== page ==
(Prairie News Service) Next week, North Dakota landowners will get a chance to hear updates on a proposed underground pipeline for transporting and sequestering carbon dioxide. The meeting comes as tension builds between landowners and the company behind the project.
Dakota Resource Council is hosting next Tuesday's meeting, and said it wants affected property owners to learn about the latest efforts by Summit Carbon Solutions to secure land for its multistate pipeline.
The company recently submitted paperwork in North Dakota to pursue eminent domain if it cannot obtain enough voluntary easements.
Eliot Huggins, field organizer for the Council, said Summit is placing unnecessary pressure on those not agreeing to contracts.
"Harassing, threats of eminent domain, things like that," Huggins outlined. "There's folks at the beginning who might have been open to this who are now pretty opposed, and that's largely just due to their interactions with the company."
Summit insists "misinformation" is being used by opponents and said it will continue to work with local leaders and landowners to address concerns. Tuesday's meeting will be held in Bismarck at the Veterans Memorial Library and begins at 6 p.m. For those who cannot be there in person, they can request a Zoom link from the group to participate online.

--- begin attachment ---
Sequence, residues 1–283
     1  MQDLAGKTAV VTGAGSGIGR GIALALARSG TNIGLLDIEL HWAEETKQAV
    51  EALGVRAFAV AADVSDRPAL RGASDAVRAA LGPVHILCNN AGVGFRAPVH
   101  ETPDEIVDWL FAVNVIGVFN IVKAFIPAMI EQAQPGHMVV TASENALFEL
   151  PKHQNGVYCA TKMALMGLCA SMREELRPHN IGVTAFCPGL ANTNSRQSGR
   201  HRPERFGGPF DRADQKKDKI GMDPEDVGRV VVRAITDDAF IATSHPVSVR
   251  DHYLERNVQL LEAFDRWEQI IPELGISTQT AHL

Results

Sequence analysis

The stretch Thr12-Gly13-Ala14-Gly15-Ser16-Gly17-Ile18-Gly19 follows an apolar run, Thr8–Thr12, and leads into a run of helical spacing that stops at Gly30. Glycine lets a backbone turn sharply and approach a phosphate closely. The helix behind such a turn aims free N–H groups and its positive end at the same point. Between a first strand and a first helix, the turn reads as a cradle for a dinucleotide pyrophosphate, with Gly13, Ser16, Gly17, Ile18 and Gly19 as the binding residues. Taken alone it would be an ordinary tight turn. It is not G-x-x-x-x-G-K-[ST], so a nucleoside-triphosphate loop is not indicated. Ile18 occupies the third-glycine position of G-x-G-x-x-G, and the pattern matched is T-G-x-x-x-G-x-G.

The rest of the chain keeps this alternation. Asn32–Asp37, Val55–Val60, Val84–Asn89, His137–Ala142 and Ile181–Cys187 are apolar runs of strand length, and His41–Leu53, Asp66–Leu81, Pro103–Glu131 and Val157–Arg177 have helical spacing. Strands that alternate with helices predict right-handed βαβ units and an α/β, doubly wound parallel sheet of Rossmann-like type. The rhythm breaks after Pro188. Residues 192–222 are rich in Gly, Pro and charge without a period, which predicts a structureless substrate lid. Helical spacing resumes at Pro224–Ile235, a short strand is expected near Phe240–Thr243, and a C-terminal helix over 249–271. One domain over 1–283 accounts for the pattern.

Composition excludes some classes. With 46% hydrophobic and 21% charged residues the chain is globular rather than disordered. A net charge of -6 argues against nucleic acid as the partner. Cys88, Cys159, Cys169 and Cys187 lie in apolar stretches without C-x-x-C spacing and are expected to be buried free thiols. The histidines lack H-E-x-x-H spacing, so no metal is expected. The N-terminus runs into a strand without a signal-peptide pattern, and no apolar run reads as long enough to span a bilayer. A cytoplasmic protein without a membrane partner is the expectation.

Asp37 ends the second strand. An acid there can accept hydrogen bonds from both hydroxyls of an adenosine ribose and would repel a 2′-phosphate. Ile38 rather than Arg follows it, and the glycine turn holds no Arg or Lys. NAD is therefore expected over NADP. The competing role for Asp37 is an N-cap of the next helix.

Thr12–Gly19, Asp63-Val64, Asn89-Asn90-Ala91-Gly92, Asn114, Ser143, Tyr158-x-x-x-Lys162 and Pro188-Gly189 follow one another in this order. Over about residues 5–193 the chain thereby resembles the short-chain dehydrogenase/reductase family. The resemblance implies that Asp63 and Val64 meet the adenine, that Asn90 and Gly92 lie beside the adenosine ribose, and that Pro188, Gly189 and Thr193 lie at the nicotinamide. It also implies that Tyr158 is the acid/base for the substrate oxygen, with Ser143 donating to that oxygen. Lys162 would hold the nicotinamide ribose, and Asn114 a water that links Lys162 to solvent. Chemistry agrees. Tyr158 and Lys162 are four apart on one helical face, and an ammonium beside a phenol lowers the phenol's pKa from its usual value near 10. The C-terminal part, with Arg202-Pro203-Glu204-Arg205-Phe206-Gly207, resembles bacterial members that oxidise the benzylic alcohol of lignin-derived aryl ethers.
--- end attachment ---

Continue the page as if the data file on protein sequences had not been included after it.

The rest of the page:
The Council also urged those concerned to sign up for the grassroots North Dakota Easement Team, which is designed to fight Summit's efforts collectively, including potential legal options, while informing people of their rights.
Brian Jorde, managing partner of Domina Law Group, which is part of the legal team, said the group approach can be more effective than a person taking action on their own.
"You can be as noisy as you want on your own and good luck to you," Jorde noted. "But unless you're part of a larger group, you can't hope to even make a dent or resist these billion-dollar-backed entities."
Similar groups have been formed in other Midwestern states in the proposed project's footprint. Summit wants to capture carbon dioxide from ethanol plants and move it through multiple states before storing it underground in North Dakota. The plan is touted as a solution in reducing harmful emissions.
Groups such as the Resource Council said while they are not opposed to the concept of carbon sequestration, they argued a large-scale approach presents too many challenges.